"To Kill a Mockingbird" Harper Lee.

Essay by StevenForsbergHigh School, 11th gradeA+, January 2004

download word file, 5 pages 3.8

In the Harper Lee novel To Kill A Mockingbird, there are many characters that are very different than they seem. Throughout the story Scout and Jem find out who these people really are and what they are truly like. There are many subplots in this story that all go on at once, but they are all connected in that Scout and Jem get to know people better. At the beginning of the novel the plot that surfaces the most is the subject of Boo Radley. After that is a smaller but no less important plot involving a devilish old woman, Mrs. Dubose. Throughout the book one of the most important characters is Atticus, Scout and Jem's father, who while helping them try to see things from others' perspectives was himself seen very differently by Scout and Jem by the end of the novel. In the end, Scout and Jem were able to see things from other people's perspectives, totally changing their view of many people including Mrs.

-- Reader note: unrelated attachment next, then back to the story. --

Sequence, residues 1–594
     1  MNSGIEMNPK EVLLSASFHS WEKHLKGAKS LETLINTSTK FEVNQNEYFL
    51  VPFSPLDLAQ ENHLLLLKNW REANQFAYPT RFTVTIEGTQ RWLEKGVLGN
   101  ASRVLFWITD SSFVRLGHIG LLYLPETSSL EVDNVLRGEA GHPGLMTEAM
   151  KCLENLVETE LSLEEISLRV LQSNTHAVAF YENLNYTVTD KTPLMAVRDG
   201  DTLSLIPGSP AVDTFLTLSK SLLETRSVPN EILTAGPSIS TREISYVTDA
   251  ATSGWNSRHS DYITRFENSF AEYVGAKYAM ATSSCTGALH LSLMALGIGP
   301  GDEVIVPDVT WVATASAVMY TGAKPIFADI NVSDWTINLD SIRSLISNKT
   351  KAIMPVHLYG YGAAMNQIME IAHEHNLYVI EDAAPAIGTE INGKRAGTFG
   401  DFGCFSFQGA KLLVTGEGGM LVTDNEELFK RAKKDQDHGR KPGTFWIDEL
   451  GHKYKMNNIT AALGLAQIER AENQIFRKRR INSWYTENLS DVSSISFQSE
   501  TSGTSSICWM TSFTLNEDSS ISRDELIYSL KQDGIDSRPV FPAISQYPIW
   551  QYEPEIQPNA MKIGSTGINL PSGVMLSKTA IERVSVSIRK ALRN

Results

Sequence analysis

Dubose, Boo Radley, and their own father, Atticus.

Before Scout and Jem's sudden increased obsession with Boo, all that they had heard about him was that he was six and a half feet tall, he ate raw squirrels and cats, and he looked in people's windows while they slept. With the help of their summertime playmate, Dill, they spent one whole summer trying in one form or another to make contact with Boo. Once school started, he was more or less forgotten, but then Jem and Scout started finding things in a knothole of a tree right by the Radley place. While Scout didn't think too much about where it came from, it seemed as though Jem had a hunch that Boo was putting stuff in there for them, just...